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Renting Out Your Stock

There are many ways to make money in the stock market.  You can make money on stocks going up by purchasing and waiting for pice increases, you can also make money on stocks going down by short selling stocks.  There is also the options market, where you can purchase and sell stock options.  So how do you go about renting out stocks you already own?  Read on to open your eyes to  the whole concept of something known as covered call option writing.

When you purchase a stock, you usually expect it to go up over time so that at some point you can sell and make a profit or capital gains.  But what if your stock is slow to go up, or trends sideways for a number of months.  Your original investment is stagnant, in essence not growing and making you money.  These types of stocks are ideal to sell covered calls on to make incremental income from month to month.   So what is a covered call?  A covered call is basically selling an option contract against a stock you already own.  When you sell an option contract, the buyer pays you (The seller) a premium.  In turn, they have the right to buy your stock at any point in time up to the option expiration date for the price of the option they paid you the premium for.  Let’s take an example.

  1. You own 100 shares of XYZ corporation, and decide you want to “rent” out your stock for some additional income.
  2. You decide to sell a covered call option.  The current stock price is $50/share and you own 100 shares of company XYZ.
  3. The covered call option for XYZ is currently offering a premium of 0.62 for a March 17th expiration at $55/share.
  4. You sell 1 option contract on XYZ corporation (1 contract is equal to 100 shares of the stock).  The buyer pays you (0.62 * 100 shares = $62.00).  You gain $62 on your $5000 investment (100 shares of XYZ), which is 1.24%.  Now if you are selling options each month, that return is a 14.88% return by selling each month.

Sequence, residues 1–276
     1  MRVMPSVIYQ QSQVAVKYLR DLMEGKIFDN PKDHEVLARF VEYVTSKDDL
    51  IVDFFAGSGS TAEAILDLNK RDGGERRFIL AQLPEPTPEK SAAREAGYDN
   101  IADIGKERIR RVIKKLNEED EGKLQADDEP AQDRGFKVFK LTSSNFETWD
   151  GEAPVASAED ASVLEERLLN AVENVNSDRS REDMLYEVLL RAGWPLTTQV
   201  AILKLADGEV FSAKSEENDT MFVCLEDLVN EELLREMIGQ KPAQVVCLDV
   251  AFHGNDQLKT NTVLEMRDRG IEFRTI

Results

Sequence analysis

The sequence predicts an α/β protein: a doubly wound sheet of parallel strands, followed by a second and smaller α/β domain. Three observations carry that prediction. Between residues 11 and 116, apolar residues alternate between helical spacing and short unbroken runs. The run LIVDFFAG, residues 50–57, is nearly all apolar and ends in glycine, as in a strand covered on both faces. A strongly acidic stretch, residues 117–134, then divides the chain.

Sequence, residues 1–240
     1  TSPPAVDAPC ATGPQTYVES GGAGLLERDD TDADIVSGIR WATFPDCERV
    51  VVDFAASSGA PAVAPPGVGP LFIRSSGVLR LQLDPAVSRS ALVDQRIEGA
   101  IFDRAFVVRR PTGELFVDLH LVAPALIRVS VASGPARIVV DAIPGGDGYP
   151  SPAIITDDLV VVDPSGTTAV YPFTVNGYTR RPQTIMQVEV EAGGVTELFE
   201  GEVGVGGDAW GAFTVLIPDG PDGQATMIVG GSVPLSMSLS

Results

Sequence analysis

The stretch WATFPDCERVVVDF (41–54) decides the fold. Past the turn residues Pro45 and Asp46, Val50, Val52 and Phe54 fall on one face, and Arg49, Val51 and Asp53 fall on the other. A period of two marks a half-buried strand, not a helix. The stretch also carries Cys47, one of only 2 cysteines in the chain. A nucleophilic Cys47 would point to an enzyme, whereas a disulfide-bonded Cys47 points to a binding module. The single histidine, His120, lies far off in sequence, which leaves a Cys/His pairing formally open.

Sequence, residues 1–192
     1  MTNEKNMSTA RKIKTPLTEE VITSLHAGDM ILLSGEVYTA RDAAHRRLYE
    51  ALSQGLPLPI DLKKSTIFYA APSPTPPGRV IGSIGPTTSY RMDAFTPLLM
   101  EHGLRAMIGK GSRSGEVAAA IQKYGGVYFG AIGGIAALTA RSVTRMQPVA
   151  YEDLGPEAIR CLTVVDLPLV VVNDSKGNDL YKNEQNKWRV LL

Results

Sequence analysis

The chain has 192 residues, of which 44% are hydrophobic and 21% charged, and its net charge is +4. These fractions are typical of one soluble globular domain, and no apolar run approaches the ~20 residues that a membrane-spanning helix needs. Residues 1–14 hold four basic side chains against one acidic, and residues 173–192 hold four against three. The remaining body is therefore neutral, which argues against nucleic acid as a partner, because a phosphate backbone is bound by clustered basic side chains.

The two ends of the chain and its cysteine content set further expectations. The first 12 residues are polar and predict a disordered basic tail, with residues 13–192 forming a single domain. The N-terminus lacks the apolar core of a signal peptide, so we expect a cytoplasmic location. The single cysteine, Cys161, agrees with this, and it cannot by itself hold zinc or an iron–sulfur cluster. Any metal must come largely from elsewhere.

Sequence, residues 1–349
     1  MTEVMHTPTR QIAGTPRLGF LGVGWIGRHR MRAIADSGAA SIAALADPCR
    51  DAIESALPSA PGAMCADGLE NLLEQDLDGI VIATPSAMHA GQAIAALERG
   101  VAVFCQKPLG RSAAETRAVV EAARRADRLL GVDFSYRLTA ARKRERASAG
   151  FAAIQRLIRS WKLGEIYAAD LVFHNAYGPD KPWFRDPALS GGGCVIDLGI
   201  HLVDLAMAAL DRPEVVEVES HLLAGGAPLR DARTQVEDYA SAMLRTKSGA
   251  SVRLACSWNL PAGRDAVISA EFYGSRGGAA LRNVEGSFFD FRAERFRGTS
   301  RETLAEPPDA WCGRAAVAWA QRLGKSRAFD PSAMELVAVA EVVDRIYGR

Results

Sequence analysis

5. As long as your stock price does not exceed $55/share (which is what you sold the option contract price at), you retain the shares of XYZ Corporation and also keep the option premium of $62.00.
  6. If the stock price goes above $55/share, the purchaser of your option will exercise the option forcing you to sell the stock at $55.  This case is also beneficial to you as you gain $5/share on the stock (or $500 total) plus the $62.00 option premium.  The downside is that if the stock continues to go up, you are forced to sell at the lower $55 price on March 17th, or the day the option expires.

As you can see, selling covered call options is a way to make incremental income or “rental income” on stocks you already own.  Of all the option strategies, covered call writing is the lowest risk.

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